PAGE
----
Last month my Facebook newsfeed was filled with weeping, wailing, and gnashing of teeth. I have many friends who teach undergraduate and graduate courses. December was the “grading season.” It has been said by many professors, “I teach for free; they pay me to grade.” I, too, was a frustrated participant in the grading drudgery. I was reminded of a rant I made about the same time the year before. I’ve pasted it below. Many of these things could be taken to the next level and directed to authors of the manuscripts I encounter on a daily basis.
To all seminary students:
I realize most of you will spend your professional lives speaking to and for a lay audience. But please do keep in mind the generic difference between a talk to a church group and a graduate-level term paper. Also, it is OK to have an actual thesis statement in a paper on a biblical theme. Don’t just report what the biblical texts say. Make an argument and support it!
Other things to do or avoid:
1. Look back through the paper. If you have phrases like “I think…” or “I believe…,” then you better have some support for your thoughts or beliefs. Saying these things in passing is what you do in a journal not a term paper.
2. Don’t rehearse your research. If you have phrases like, “In my research I discovered…,” rewrite! Just write about the topic and cite your sources. Your readers do not need to be told that you discovered these things in your research. They know it was discovered through research because you will have written it and cited it.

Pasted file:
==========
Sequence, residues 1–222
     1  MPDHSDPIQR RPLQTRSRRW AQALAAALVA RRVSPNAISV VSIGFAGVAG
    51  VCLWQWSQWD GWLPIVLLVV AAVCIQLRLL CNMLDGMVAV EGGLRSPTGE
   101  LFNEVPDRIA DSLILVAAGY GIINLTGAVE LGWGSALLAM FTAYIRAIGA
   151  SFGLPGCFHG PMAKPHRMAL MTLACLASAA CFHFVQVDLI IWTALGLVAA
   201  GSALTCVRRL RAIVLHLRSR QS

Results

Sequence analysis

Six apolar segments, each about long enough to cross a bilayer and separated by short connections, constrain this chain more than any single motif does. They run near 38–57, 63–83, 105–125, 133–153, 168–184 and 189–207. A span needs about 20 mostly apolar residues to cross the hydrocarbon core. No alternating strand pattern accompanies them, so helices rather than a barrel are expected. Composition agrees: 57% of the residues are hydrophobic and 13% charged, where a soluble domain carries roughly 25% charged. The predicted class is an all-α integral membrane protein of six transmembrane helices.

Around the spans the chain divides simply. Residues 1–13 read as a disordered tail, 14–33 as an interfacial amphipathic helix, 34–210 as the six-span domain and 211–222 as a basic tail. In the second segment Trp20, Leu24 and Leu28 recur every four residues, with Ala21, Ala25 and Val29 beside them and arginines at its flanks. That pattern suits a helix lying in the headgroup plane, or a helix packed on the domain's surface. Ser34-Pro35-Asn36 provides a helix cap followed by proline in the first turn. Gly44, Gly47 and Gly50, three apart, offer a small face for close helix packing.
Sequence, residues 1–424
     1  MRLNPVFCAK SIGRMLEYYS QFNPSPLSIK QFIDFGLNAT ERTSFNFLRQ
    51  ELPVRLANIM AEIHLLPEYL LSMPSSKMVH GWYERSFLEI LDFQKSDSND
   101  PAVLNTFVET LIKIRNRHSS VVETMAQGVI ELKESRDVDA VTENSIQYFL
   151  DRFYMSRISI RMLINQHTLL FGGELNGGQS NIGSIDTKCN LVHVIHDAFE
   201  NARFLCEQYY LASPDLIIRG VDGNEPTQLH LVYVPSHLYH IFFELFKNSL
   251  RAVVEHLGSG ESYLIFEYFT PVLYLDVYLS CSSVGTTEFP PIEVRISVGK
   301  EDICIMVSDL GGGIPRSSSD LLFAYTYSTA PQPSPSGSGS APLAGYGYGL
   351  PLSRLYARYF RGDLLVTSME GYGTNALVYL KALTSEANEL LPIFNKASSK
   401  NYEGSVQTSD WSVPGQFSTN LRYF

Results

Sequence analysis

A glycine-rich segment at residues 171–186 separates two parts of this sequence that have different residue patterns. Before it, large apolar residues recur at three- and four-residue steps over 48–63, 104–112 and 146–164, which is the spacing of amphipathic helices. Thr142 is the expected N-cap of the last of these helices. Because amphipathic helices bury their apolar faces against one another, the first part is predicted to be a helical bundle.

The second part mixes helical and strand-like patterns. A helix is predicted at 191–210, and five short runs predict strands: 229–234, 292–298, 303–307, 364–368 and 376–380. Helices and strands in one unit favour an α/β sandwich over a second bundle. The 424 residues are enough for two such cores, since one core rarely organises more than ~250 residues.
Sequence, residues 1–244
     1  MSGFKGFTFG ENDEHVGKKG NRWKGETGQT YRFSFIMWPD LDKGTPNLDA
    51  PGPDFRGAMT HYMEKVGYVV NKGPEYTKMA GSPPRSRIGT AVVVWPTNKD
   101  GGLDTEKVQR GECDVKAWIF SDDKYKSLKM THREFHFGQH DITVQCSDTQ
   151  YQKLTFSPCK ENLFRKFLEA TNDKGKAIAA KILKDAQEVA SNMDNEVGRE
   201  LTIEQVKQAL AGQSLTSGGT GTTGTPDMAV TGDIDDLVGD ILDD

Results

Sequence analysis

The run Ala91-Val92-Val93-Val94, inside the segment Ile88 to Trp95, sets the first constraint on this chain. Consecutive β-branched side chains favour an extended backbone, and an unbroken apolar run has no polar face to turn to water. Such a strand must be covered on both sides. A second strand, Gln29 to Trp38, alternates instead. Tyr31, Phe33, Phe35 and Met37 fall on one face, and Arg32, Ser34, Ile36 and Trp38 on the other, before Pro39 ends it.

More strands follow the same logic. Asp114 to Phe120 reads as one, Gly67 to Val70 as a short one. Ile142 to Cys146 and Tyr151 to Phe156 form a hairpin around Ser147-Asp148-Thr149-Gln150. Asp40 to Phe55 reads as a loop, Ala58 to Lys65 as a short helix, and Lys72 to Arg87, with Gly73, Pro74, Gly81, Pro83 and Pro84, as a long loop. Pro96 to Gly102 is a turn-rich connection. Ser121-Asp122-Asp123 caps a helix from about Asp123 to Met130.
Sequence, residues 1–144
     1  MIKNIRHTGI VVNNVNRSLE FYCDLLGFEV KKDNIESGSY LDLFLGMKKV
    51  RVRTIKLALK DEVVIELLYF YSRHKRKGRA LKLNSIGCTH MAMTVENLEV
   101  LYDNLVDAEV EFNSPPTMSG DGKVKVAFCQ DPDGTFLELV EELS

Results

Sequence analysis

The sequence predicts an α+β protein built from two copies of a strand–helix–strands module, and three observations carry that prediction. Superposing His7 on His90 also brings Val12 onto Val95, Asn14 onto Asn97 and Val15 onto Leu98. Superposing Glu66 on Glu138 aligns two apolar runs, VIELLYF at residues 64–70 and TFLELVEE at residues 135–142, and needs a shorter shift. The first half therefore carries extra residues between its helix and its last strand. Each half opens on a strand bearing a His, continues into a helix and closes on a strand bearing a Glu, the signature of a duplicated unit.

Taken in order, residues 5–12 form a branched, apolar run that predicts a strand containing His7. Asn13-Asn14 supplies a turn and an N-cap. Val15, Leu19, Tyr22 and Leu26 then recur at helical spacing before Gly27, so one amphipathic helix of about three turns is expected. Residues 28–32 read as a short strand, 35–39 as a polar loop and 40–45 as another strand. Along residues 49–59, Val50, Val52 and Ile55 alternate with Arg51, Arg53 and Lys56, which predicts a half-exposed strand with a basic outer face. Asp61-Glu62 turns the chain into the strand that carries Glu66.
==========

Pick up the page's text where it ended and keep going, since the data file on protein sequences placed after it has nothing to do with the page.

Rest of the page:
3. Do not use second-person pronouns. Who is the “you”?
4. Let your conclusions come from your research. Do not use research to simply support your predispositions. In papers on biblical texts all you end up with is a bunch of prooftexting. This is not research and it is not a supported thesis.
5. Vines and Matthew Henry are not acceptable sources for graduate-level papers.
6. Become familiar with a style guide. If your institution does not require a certain bibliographic style (e.g., Turabian, MLA, APA), then pick one and follow it. Sloppy footnotes and bibliographies upset me, and you don’t want an upset reader grading your paper.
7. Remember the English language and its rules of grammar and punctuation. Sure, mistakes will be made. I make them all the time. But there is a difference between a few mistakes and a gross mishandling of normal writing conventions. This (and others above) spawn off a couple of other pointers: a) review your paper before submitting it; b) if you have doubts, have someone else read it and give feedback. If you or another cannot understand what you’ve written, don’t expect me to understand it.
The points, no doubt, came from particular frustrations I had with a stack of papers at the time. Many more things could be added. What writing advice would you give to graduate-level students of theology?